Horses, Riding and Scouts

Cambridge District Scout Archive

1st Class test 1908       Make a journey alone of not less than fifteen miles from point to point by walking, riding, boat, or bicycle.

Horses were the standard means of local transportation of goods before 1914 but despite the proximity to Newmarket, Cambridge was not a centre for horse riding.

In the early years the second most frequent reason for the award of a Scout medal of honour was stopping runaway horses, although this was not recorded in Cambridge. The inclusion of ‘rescue of horses’ in the book Fire Brigade Work for Boy Scouts suggests other difficulties.

Some references have appeared in the archives that suggest that some Scouts had the opportunity to become riders.

Cambridge Archives

1909 A mounted photograph held by 5th Cambridge Perse school shows the troop with 30 bicycles and three horses. Firmly dated 1909 not as an inscription but as a note on the mounting it is clearly pre WW1 and probably 1909 – 1910.

1911                ‘On Saturday May 20th, 1911, some 400 scouts assembled on Parkers Piece in traditional Chief Scout’s weather. “A bitterly cold wind blew across the Piece; there was a suspicion of rain in the air”. The troops marched round the town, led by the Bands of the Perse and County Schools, while cyclists and mounted scouts (how’s that) brought up the rear’                   WTT Archaeology 1978

1917                Impington Fruit Farms ‘Our field was also tenanted each night by five jovial cart horses devoured by curiosity and not devoid of humour.  The field had a barbed wire fence but … his friends looked over the fence with glee written on their faces  as he trotted round and into the tents.’

1919                5th Cambridge             ‘ All very glad to welcome the Headmaster who rode over on his horse’     This was at a camp near Oxford, presumably he was staying nearby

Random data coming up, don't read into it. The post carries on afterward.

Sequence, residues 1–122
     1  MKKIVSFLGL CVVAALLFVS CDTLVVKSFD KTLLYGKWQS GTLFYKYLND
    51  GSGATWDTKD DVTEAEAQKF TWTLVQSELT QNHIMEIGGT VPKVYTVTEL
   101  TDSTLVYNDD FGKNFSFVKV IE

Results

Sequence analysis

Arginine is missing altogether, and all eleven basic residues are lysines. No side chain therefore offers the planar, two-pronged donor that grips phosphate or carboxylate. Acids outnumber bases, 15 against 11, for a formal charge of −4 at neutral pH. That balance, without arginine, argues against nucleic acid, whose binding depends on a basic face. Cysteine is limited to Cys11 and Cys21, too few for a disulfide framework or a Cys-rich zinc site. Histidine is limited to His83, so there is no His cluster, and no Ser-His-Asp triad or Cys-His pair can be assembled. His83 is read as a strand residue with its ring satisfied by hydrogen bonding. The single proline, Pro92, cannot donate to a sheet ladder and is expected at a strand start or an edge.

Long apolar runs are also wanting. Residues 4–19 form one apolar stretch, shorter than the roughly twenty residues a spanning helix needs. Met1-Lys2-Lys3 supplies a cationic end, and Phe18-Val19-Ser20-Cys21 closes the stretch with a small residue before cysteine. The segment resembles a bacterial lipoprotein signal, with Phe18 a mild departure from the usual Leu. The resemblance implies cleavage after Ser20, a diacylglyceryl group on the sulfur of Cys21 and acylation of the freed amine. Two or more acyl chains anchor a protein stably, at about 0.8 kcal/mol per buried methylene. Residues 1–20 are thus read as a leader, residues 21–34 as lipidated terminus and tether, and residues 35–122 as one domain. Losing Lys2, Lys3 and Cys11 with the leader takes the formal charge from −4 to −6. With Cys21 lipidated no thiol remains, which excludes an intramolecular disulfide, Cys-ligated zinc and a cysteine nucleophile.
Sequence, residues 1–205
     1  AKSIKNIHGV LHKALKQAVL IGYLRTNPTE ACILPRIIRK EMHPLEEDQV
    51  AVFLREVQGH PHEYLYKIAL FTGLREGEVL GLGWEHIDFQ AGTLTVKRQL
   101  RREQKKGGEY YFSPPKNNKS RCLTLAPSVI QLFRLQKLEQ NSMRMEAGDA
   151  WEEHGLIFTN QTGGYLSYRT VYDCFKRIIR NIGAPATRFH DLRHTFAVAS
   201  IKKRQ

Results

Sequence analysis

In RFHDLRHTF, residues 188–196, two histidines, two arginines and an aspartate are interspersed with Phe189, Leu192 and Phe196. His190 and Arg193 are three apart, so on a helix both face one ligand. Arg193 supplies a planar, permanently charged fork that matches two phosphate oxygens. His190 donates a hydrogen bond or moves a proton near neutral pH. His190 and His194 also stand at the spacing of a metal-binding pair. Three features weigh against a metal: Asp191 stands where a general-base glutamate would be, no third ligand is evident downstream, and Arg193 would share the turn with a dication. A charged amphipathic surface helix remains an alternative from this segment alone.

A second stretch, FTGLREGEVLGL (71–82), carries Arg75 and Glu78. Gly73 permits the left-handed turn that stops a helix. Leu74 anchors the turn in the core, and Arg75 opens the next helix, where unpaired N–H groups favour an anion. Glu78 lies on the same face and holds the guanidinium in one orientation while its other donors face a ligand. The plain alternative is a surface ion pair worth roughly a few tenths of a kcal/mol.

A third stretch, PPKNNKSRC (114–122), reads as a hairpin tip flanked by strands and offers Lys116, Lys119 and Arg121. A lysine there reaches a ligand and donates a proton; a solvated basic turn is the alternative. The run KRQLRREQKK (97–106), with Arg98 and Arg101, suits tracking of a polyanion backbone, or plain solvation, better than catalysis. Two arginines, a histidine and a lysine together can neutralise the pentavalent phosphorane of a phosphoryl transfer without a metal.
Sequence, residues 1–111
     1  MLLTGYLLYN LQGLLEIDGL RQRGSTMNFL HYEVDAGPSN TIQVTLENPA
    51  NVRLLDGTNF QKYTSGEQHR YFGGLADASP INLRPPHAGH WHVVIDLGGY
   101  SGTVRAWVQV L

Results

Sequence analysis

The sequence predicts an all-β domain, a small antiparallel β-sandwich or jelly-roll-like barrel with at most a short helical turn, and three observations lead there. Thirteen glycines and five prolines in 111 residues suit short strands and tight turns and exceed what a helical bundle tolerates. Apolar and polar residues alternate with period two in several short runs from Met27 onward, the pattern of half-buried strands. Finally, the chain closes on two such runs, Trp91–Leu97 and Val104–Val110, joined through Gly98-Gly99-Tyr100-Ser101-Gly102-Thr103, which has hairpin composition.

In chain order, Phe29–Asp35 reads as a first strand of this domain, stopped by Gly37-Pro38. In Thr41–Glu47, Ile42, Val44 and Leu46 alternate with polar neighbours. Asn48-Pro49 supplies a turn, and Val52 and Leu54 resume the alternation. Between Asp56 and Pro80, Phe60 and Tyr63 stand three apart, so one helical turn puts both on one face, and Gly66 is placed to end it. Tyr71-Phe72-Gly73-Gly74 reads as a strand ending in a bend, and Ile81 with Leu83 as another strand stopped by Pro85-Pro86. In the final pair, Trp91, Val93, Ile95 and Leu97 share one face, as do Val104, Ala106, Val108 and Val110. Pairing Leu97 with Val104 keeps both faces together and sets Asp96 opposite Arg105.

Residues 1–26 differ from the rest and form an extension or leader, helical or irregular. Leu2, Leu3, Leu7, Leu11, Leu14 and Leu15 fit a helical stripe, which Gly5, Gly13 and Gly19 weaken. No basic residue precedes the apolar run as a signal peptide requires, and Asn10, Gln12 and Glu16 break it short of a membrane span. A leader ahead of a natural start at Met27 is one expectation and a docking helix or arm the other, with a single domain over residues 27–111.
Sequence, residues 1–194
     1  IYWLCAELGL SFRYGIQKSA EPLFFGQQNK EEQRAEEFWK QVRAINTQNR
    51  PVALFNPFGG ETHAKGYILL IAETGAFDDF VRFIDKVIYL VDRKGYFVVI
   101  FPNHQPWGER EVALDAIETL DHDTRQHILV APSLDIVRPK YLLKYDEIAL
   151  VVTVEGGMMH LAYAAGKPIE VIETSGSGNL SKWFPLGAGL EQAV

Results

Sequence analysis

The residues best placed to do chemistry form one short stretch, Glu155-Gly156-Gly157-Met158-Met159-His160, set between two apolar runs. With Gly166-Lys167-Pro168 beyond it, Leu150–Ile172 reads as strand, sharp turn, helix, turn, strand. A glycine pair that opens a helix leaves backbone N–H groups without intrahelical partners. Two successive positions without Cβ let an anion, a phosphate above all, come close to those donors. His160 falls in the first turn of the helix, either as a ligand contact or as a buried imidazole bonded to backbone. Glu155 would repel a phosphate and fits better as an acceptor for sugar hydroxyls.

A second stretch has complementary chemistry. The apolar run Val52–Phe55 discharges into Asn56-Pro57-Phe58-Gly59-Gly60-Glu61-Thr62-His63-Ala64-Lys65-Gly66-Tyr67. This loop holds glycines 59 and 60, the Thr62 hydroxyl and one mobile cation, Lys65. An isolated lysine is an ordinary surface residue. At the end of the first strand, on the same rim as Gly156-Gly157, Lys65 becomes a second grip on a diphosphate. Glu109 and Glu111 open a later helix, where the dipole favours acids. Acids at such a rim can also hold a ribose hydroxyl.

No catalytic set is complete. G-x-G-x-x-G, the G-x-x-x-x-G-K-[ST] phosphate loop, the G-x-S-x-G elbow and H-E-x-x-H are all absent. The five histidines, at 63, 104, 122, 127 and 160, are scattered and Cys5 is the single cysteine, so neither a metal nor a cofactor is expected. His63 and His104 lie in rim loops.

1920                Medaevil Fayre           Donkeys as beasts of burden for the display

C T Wood’s album 1920

1920                28th (Cherryhinton). A.S.M. George Langham worked so well with this Troop in the earlier part of the year that they were worth entering for the Silver Bugle.  P.L. Coe is splendidly keen. Scout King deserves mention for his pluck in stopping a running horse.                Reveille

2nd Cambridge on the way to camp 1933

1956                Course for Rider/ Horseman Badge if at least six apply, at Abington.  No cost, but provide your own food.

1960’s              Morley competition; each section covered by a different Scout:   Running 1.5 miles, Wheeling wheelbarrow 0.33 mile, Pulling a trolley 0.33 mile, Walking 1.5 mile, Horseback 2 miles, Cycling 6 miles, Raft 0.5 mile, Canoe 1.5 mile

1970’s              Camp inspection by Jock Dawson on horseback.  Jock was County VS leader and Ventures recall riding his horses on a hack around Linton. In 1964 Jocks 1st Hadstock Mounted Scout Troop Jocks was in the paper. ‘The only troop of equestrian Scouts in Britain, at Hadstock, near Saffron Walden, Essex. The troop came into being after Dr. Jock Dawson, a Ministry of Agriculture vet, moved to the village with his wife and son, to find there wasn’t a Scout troop. So he founded one’. See Alamy Pictures

‘I spent many happy hours riding at his farm we went on several long rides in the surrounding bridal paths. We also went over jumps.. I took the 28th Scouts to camp in one of his fields, Jock inspected the camp one morning on horse back! The horse was a white cart horse called George. The only other horse names I can recall were Nibbles, who would take a playful bite when being saddled and Youslaf (spelling?) an ex race horse it went fast, I fell off at least twice!’ SL 28th


1920                5th Cambridge             ‘…loading our goods onto a wagon.  This on starting on its way to the gate sank nearly up to its axles in the ground.  All efforts of horses and men were unavailing and we had to unload everything…’

The journey from the station was by ‘van’, that back by ‘wagon’.  This wording may imply that the first was motorised and second horse drawn.

Cambridge Chronicle 1922

1925 5th Cambridge Entitled ‘Home from the Station’ after unloading the train back from camp in North Norfolk. See companion piece in ‘Trains’.

1928 23rd Cambridge

23rd Cambridge 1928 At camp if not to camp. Cambridgeshire Collection

1929 23rd Cambridge – a year later

Entitled ‘Everything packed!’

1957    54th Cambridge Courts of Honour      ‘We have acquired a horse and cart for the last three quarters of a mile to camp.’

JWR Archivist Feb 2019